1996—I drove John down to meet with Bill Fisher of Fisher Books in Tucson. Bill had published several of John’s books in the ’70s under HP Books. I had just really come down for the ride, but I’ve learned to always have a portfolio just in case. Bill wanted to see my work. There were several book and magazine covers in the portfolio that I had done for Coriolis Group Books. Coriolis produced programming books and a magazine entitled PC Techniques that latter was changed to Visual Developer. Bill finished reviewing my work and told me that there wasn’t really anything that he’d seen that he could use at Fisher Books. I remember closing the portfolio disappointed. Then Bill really surprised me by asking me to work on a cover for a cookbook. John knew some great people and Bill Fisher was one of them. That relationship continues with Bill’s son, Howard.
2002 or so—I drove to California to visit Len Emanualson at Automedia 2000 and to see John. I ended up being John’s Mac Tech Support as he was trying to learn how to use the iMac he bought.
TurboHawking was the title of a feature article written by Don Sherman that appeared in the February 1978 issue of Car & Driver.
The Skyhawk was a Buick promotional project car that John put together for Herb Fishel. While the article sounds like the car is pretty together, apparently from what John told me nothing could have been further from the truth. The car would hardly run. The front fender flares were from the Buick Roadhawk and so poor that it was easier to reproduce the front fenders out of metal than to use the factory fiberglass parts. The front air dam was a similar reconstruction.
John had the back seat reupholstered to match the Recaro’s up front in black cloth with multi-color orange and red stripes.
The car ended up at the fabricator’s showroom where it sat for sale for quite a while with no takers. It finally sold to a lady who had a little dog that shed white hair all over the black Recaros.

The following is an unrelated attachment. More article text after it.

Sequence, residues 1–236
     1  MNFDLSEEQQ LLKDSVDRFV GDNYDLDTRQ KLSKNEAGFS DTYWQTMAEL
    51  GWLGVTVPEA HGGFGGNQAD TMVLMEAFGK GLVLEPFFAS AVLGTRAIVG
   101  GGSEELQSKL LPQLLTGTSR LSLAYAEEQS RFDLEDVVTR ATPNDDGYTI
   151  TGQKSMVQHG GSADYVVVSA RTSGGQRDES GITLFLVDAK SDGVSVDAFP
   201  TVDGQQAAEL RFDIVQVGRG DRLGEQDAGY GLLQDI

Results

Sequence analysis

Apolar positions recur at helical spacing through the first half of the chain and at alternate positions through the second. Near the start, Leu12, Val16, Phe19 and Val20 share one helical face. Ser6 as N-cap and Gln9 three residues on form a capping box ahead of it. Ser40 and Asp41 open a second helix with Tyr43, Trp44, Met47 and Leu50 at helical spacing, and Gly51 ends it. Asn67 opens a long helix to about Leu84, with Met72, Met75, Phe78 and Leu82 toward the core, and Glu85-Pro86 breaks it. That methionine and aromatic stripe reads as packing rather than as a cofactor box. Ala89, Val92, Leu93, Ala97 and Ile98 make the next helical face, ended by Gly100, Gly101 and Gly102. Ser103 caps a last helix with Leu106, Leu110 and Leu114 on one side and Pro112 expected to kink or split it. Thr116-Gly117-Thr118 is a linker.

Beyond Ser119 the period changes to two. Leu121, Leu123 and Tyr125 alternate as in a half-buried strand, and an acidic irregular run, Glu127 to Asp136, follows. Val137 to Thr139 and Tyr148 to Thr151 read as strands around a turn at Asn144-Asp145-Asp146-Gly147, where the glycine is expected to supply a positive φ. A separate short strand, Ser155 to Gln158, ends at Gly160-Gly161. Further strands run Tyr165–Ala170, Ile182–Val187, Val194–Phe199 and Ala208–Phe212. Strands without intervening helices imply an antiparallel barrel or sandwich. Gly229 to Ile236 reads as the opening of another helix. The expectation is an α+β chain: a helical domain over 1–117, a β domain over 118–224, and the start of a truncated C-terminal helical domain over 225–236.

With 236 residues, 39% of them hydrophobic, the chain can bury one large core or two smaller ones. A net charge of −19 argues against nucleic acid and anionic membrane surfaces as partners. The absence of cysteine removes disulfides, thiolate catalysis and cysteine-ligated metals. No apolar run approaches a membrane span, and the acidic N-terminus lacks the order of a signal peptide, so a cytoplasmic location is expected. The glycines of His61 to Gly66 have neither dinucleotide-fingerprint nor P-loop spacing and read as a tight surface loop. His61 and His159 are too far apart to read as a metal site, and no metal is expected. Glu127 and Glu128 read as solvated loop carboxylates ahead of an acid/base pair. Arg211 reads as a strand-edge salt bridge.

You can read the article in Acrobat (.pdf) format by clicking on the cover or here.
His son, John Thawley Jr.:
Some of you perhaps knew him as well as I did. Which is to say, he was a likable, generous man who placed his friends above himself. Even with me, he would only talk of himself briefly before turning the subject to what I was doing. The best of him I knew from stories. His demons I knew first hand.
Since his death – only the good stuff comes to mind.
He worked in radio and TV at KTBC in Austin Texas. Won a CBS fellowship to Columbia University. Covered the UT Texas Tower shooting. Rescued wounded from the line of fire. And wrote for Senator/VP LBJ. Sam & Jim McFarland were friends from Texas. It was through Jim that Dad wound up at HOT ROD Magazine. From there he went on to a stint at Rod & Custom under Tom Medley. Gray Baskerville, Pete Chapouris & John Diana were also on staff at the time. He helped start a dune buggy company and, according to him, single handedly designed the worst handling front suspension ever (on a vehicle I am certain he named himself – the Wompus Kitty). The Bob Waar moniker on his early books was used to sidestep an issue about writing for other publishers while still on the Petersen payroll. Tex Smith ribbed Dad about his Texas drawl and odd habit of collecting barbed wire… Bob Waar was the result.